Mar 21, 2007 at 10:29 am #1222469
I'm looking at making the Whitney down jacket kit from thru-hiker.com for my hubby's birthday. Has anyone completed this specific kit? Any feed back on their kits in general? I'm also considering making stuff sacks. Thanks!Mar 21, 2007 at 12:14 pm #1383068
Adam RothermichBPL Member
@aroth87Locale: Missouri Ozarks
I've made the Liberty Ridge windshirt, Kinsman pullover, and a quilt kit since Christmas.
The LR and Kinsman both came with patterns for a variety of sizes and were relatively easy, even though they were my first ever sewing projects. The instructions were a little fuzzy at times, but you can always just ask on the message board or even give Paul a call.
As for working with down, I just completed the quilt last weekend and stuffing the down was by far the most frustrating part. The first time you go to manipulate the down and it sticks to you is very annoying. Eventually I got over it and it came together fine.
I think if you have the time and patience the kits are definitely worth it, I love my new down quilt SOOOO much. I got it in Kelly green and love the color too. I would highly recommend the kits at thru-hiker.
Hope this is of some help.
AdamMar 25, 2007 at 6:23 am #1383451
Thanks for the reply!Mar 26, 2007 at 8:29 pm #1383649
scott NelsonBPL Member
I made a Whitney Jacket, added a hood, and have used it twice on snow camps. It is surprisingly warm. The instructions are very thorough and well thought out. The materials are really nice and the best quality. Working with the down is not that difficult. Just accept the fact that a few feathers will not make it into the product. A few feathers floating around seem like a lot, but they really aren't much. Just take your time, follow the tips on the website, sear the edges of your fabric after cutting, and you will be really proud of what you make. The hood was a challenge to design and it isn't perfect, but it works.-ScottMar 26, 2007 at 9:22 pm #1383654
Don't get too frustrated about the instructions on the forums above. For the most part it is just the attachments that are a little difficult. The zippers, some drawstrings, and collar are a little difficult but the over-all project with instructions is very do-able.
Don't just stop at the Whitney Jacket, all of the kits are incredible. They are also very easy to be tailored to your specific size. I have found that every item I make comes in lighter than I could ever believe it would.
Right now it is the Liberty Ridge Jacket at 2.3 ounces and an insulated L-R Pant at 6.8 ounces. All using Momentum and or Climashield.
Still to come is a Kinman and L-R Pant/Short with detachable legs.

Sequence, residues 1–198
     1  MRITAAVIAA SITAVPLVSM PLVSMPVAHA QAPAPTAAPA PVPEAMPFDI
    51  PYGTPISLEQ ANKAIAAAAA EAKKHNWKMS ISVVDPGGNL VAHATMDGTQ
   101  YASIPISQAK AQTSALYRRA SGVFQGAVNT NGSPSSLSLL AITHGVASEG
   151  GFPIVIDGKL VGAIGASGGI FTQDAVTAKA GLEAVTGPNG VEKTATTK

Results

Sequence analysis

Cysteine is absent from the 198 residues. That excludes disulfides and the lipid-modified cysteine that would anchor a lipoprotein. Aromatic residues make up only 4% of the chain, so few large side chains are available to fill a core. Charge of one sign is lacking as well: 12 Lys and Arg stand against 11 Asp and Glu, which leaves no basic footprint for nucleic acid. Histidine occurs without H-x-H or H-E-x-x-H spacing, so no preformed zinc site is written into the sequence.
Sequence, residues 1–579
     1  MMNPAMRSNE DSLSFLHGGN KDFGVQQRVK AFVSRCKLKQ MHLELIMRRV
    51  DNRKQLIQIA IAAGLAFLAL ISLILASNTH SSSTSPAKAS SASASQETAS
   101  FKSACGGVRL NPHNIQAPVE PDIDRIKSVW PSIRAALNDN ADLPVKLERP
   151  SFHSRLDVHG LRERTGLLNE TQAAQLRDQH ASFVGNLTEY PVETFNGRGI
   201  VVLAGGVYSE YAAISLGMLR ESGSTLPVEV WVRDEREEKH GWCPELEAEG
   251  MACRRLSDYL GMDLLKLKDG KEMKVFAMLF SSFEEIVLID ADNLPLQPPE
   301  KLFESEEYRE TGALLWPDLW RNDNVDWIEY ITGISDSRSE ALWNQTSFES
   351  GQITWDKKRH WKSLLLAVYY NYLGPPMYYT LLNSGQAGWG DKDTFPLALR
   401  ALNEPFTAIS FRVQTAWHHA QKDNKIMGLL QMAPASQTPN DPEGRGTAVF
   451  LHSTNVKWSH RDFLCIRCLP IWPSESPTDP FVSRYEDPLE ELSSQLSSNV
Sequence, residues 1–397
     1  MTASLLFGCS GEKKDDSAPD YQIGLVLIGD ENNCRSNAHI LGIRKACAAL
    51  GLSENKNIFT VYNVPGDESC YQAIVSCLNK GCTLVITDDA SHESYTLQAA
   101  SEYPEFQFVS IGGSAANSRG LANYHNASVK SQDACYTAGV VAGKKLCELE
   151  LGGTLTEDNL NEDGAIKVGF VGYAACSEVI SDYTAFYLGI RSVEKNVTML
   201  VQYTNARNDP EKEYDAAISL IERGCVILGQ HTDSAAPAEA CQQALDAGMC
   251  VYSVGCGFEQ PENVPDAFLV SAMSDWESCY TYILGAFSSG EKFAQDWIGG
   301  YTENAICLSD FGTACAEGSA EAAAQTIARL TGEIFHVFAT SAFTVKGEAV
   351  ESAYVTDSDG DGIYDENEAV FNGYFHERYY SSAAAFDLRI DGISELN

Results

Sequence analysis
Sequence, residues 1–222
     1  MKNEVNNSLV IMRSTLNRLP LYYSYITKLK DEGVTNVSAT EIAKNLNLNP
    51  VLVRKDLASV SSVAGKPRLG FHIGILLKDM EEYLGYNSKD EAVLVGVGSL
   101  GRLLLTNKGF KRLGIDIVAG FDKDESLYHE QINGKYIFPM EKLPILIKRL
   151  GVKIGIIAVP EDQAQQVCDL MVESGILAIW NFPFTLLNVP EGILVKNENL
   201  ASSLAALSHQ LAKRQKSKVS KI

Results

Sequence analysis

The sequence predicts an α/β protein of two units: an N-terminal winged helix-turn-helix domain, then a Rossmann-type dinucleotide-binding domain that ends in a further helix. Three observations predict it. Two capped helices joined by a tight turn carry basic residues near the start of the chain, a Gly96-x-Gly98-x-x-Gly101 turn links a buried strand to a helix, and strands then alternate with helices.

Go for it. It will be a great gift.Mar 27, 2007 at 4:16 pm #1383764
I'm inspired! Thanks!Mar 29, 2007 at 7:42 pm #1384100
Adam KilpatrickBPL Member
@oystersLocale: South Australia
I am getting addicted to these MYOG threads now-its so much more inspiring than looking at the manufactured gear and thinking; but I reckon they could have done this, or I want that on that…
I have 3 projects on the go at the moment; kinsman pullover, liberty ridge shell, and a spin tarp (making that up as I go- using 0.9oz thruhiker spin).
After hearing the response about the Whitney, I am thinking of giving that a go in a couple of months once I have finished these projects (I am pretty busy at the moment).
Is it true that it (whitney) has about 3.5 inches of loft in the torso? If so, would that be enough to get temp rating down to around 20F? I am thinking of also making a Nunatak AT like down quilt, that is about 50 inches long (I am 5'10") and using them in combination. I would need it to be good down to about 20F (-7C), or a few degrees more than that-I am a cold sleeper. I would need to make a down hood I think to add to the Jkt-probably a permanent attachment. Probably sewn-thru for the hood.
I am thinking of using 0.7oz spin fabric from thru-hiker (all the materials and down from there) for the lining of the quilt. The end and base of the foot would also be spin inside and out. The rest (outer) would be momentum90.
How would I go sewing the mesh baffles to the spin? Is it possible-has anyone tried, to either seem seal the spin with a tape or something, or to somehow weld/glue/tape the baffles to the spin and/or momentum without sewing? I hate the thought of using such great materials and then perforating them with leaky holes.
I figure that having spin on the inside wont be that much of a downside, with an open bottom from mid-calf to hip. This will be a superlight type set up for trips where Ill be pushing it and wont be sleeping that much-or in small batches of 3 hours or so-or at least wont be worried about a small amount of condensation. I thought I read that Aaron S has a similar thought with one of his quilts that he will use for his JMT attempt-god speed mate!
I have also thought of using spin all over and not worrying about seam sealing the top-it will need a bit of airflow to compress/loft. Then I wont have to worry about a Bivy. Ill use my small spin tarp. Ill have a WPB jacket-I am thinkin of getting an Outdoor Research Zeolot (Gore Paclite), which I can use over the top of the lot. I might need to size that a whole size bigger for the down loft.
More points for your thoughts-South Australia is pretty dry, but in winter can have very dewey nights and the odd hairy storm. I will likely be wearing synthtic thermal bottoms and top (polypro or whatever) which will most likely be damp from sweat when I retire to sleep. I figure the spin on the inside will protect the down, as well as boosting bag temp like a vapour barrier by a few degrees. I will likely have either a fleece (200 weight seems to work for me down here) beanie or a lighter weight merino (Icebreaker) Balaklava. Which will also be slightly damp when I go to sleep. Ill probably change into dry (merino blend) socks.